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The Pointing Instinct

Since you were six months old, you have been pointing at something you were looking at, so your pointing sequence is highly automatized due to the number of times you have pointed at a distant object. In our game, the gun must be pointed ahead of the target because the target is moving, right?
Almost without exception, beginner shooters see the target and as they mount the gun, because of their well-honed pointing sequence, the muzzle ends up on the target and they are confused by the double image of the barrel. They don’t know which barrel image to line up with the target (even though they have been told not to look at the barrel). And they instantly consciously look at the barrel. Now there is only one barrel, but there are two targets!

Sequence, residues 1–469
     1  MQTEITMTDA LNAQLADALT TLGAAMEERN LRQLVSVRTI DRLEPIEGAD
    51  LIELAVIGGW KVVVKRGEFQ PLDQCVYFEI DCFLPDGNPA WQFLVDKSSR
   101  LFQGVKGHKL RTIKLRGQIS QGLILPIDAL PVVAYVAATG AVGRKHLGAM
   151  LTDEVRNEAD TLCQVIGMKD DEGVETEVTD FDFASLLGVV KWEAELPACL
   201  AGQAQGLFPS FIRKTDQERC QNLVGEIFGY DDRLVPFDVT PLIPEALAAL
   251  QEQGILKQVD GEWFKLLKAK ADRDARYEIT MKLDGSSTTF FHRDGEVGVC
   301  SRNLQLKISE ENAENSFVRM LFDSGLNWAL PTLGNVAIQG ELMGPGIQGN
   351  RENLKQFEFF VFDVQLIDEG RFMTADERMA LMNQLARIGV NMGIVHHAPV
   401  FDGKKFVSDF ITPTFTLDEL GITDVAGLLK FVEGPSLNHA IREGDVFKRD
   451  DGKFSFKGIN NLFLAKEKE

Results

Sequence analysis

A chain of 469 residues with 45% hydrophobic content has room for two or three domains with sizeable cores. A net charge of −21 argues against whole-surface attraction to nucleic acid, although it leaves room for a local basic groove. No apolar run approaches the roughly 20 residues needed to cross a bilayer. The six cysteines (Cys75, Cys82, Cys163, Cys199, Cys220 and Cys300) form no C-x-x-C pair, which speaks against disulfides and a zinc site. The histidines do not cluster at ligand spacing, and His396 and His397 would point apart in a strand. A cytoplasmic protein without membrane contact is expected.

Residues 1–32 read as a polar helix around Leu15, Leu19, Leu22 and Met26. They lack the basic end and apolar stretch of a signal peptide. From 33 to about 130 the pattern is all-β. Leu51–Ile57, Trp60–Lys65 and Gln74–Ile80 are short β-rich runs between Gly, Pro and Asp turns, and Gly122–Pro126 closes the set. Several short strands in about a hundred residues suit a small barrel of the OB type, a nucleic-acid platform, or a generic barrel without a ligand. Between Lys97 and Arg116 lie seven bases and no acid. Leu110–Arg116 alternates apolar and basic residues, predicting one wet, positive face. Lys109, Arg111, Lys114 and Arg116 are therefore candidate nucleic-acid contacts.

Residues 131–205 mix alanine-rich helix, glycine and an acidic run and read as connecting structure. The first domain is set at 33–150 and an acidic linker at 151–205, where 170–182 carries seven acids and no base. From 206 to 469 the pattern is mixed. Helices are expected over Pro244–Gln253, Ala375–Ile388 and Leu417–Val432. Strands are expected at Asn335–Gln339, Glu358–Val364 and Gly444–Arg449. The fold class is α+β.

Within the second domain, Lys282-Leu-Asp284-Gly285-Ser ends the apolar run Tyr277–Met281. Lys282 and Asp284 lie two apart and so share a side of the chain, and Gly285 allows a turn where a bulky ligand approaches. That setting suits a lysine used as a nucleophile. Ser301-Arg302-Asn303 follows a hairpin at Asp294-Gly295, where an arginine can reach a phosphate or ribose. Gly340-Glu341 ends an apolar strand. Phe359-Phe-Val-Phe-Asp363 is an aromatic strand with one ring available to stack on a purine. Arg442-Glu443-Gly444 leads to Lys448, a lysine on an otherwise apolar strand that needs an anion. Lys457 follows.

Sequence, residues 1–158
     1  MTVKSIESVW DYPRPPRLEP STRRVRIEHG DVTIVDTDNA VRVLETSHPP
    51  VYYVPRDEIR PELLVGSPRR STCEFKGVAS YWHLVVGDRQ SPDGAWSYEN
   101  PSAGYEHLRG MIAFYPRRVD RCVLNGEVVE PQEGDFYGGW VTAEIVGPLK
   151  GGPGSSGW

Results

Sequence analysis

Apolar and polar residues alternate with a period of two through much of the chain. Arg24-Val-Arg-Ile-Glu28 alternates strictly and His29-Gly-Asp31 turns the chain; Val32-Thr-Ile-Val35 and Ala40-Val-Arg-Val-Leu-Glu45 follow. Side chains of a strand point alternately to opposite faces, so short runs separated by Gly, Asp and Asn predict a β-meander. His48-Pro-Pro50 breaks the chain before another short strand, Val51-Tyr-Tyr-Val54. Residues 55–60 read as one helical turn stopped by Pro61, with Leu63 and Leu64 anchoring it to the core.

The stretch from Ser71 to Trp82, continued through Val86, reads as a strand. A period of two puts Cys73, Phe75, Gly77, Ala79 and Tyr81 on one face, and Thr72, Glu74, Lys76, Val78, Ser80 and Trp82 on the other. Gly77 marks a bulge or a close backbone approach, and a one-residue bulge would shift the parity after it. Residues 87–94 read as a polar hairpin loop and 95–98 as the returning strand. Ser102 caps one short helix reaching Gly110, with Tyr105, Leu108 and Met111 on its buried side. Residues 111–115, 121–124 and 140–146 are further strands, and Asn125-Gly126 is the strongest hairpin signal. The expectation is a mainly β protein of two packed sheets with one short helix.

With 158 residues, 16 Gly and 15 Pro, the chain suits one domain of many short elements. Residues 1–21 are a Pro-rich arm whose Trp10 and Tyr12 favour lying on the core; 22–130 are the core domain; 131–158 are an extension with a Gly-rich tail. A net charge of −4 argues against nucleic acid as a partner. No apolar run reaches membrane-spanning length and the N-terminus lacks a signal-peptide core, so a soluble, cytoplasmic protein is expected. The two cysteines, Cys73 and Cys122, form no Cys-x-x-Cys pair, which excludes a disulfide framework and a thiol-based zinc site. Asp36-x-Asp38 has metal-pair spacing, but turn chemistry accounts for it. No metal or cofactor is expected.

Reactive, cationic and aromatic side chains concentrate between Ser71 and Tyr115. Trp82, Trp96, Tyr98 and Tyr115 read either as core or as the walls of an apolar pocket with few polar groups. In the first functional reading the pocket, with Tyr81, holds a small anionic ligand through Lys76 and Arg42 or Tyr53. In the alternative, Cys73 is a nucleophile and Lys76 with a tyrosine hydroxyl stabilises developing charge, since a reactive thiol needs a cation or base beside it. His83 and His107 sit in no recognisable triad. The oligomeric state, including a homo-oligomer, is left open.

This is called physiological diplopia. In the beginning, it can be very confusing, especially if the shooter is looking down the barrel. When each axis of the eyes focuses on something, the axis comes together at the same point and the brain sees the object in detail. But while focused on the object, anything in front or behind the object will be seen as a double image, which can be quite confusing.
Desirable Difficulty
Light Cheek Pressure